Results

Correlation coefficients were high between laboratory groups for samples tested for feline immunodeficiency virus antibodies, FeLV antigen, and toxoplasmosis antibodies in cats. Results for feline immunodeficiency virus antibody tests from reference laboratories were more likely to be positive than results from nonreference laboratories. Test results for feline infectious peritonitis antibodies, antinuclear antibodies, and Borrelia antibodies in cats were not significant. Coefficient correlations were significant for results of heartworm antigen, Brucella antibodies, Toxoplasma antibodies, antinuclear antibodies, and rheumatoid factor in dogs. Results for Borrelia antibodies were not correlated between laboratory groups.

Clinical Implications

Results were highly correlated between reference and nonreference laboratories for 8 of 14 seroimmunologic tests. Seroimmunologic tests for use in cats were less correlated as a group than those for use in dogs. Poor correlation of results between laboratories was attributed to variations in control agents, antigens, reagents, technical expertise, and cutoff values and end-point titers used for diagnosis. (J Am Vet Med Assoc 1996,209:914-917)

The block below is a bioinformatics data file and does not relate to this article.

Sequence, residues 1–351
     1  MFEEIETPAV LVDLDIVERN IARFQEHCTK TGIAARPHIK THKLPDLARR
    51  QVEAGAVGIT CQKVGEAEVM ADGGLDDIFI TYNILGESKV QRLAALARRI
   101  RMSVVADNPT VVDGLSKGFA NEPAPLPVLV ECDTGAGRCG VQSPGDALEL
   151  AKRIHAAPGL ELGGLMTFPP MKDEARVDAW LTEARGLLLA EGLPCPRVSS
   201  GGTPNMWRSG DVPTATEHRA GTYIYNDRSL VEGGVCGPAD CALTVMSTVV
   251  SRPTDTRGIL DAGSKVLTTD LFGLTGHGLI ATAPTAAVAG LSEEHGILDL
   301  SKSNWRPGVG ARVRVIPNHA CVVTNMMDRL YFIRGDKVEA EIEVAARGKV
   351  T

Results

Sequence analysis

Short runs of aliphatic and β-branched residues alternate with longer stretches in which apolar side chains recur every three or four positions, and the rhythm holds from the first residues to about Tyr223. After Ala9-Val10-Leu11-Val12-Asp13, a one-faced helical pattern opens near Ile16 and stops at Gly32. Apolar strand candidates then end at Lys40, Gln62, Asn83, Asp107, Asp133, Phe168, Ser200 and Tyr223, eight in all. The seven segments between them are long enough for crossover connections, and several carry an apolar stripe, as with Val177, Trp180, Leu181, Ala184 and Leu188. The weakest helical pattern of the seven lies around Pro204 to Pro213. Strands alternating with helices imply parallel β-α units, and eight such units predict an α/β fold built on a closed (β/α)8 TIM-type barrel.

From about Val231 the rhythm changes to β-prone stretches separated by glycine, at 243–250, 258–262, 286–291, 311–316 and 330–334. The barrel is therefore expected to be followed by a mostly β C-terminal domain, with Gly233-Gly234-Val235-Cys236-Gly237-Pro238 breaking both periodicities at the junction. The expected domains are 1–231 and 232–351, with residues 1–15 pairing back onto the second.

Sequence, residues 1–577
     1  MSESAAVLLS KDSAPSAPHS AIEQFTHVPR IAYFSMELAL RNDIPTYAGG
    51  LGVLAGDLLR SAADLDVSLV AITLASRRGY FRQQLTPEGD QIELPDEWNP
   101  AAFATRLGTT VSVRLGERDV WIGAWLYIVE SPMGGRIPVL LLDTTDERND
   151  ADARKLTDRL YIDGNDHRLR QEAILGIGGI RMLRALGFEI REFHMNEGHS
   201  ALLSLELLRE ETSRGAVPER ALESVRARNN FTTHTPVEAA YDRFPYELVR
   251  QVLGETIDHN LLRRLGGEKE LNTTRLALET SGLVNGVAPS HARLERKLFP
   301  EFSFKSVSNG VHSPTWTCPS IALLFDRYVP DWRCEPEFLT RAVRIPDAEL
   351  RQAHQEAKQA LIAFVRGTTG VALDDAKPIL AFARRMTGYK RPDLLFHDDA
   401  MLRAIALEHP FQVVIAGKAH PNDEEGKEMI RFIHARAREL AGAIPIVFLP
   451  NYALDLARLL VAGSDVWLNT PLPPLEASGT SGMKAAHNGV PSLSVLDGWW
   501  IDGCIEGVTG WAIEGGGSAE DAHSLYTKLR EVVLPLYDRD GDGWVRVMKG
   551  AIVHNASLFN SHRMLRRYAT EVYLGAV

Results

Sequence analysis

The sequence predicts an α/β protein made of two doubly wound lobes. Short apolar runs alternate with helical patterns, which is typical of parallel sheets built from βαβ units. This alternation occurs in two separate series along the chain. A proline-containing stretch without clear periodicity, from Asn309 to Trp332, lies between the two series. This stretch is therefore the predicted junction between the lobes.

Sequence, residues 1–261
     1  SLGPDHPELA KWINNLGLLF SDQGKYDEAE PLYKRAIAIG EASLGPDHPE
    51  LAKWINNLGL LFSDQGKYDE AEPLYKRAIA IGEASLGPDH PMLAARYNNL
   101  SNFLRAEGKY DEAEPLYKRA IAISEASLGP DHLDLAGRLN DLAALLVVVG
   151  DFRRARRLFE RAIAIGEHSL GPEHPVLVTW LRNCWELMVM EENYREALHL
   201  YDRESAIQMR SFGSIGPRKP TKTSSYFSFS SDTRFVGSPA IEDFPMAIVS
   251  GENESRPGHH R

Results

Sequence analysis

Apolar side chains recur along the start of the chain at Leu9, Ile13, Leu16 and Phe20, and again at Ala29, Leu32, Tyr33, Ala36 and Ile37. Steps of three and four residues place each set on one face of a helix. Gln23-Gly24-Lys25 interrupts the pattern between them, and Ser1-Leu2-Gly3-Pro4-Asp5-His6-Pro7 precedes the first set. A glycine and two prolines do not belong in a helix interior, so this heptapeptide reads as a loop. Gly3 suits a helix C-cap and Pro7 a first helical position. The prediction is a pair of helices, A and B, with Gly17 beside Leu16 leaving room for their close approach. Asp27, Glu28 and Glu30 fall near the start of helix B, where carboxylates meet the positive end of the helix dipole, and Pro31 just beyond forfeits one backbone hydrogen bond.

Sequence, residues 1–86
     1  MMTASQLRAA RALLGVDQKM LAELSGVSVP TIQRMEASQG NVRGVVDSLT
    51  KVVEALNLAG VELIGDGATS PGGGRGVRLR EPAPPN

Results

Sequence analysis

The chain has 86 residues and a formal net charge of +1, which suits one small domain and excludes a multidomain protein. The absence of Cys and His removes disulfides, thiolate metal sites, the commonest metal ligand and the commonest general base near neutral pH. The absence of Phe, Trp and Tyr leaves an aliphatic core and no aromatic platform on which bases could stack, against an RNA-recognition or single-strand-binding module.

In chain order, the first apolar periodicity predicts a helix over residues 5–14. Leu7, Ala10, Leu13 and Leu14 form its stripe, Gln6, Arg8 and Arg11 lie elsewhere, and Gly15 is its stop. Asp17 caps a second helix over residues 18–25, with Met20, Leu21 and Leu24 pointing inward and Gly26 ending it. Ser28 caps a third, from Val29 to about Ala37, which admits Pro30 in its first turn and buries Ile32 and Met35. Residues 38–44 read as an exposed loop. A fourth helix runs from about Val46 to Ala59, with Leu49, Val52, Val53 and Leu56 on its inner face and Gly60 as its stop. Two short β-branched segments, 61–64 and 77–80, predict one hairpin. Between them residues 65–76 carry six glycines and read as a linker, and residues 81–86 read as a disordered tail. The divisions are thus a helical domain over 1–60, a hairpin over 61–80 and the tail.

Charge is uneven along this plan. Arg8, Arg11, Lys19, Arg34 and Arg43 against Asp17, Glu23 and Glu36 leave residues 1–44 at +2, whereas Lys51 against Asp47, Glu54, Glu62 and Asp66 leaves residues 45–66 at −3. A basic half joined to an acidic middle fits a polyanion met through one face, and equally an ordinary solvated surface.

Free access
in Journal of the American Veterinary Medical Association

Abstract

Objective—To determine the effects of oral prednisone administration with or without ultralow-dose acetylsalicylic acid on coagulation parameters in healthy dogs and to assess intraindividual variation in thromboelastography results.

Animals—14 healthy research dogs and 10 healthy client-owned dogs.

Procedures—In a randomized controlled trial, research dogs underwent thromboelastography twice (3 days apart), and intraindividual variation in test results was calculated. Dogs were given prednisone (2 mg/kg/d, PO) plus acetylsalicylic acid (0.5 mg/kg/d, PO) or prednisone (2 mg/kg/d, PO) plus a placebo for 14 days, after which thromboelastography and other tests were repeated. Differences from preadministration (baseline) test results between and within groups were compared. In a separate trial, client-owned dogs also underwent thromboelastography twice 2 days apart to assess intraindividual variation in untreated dogs.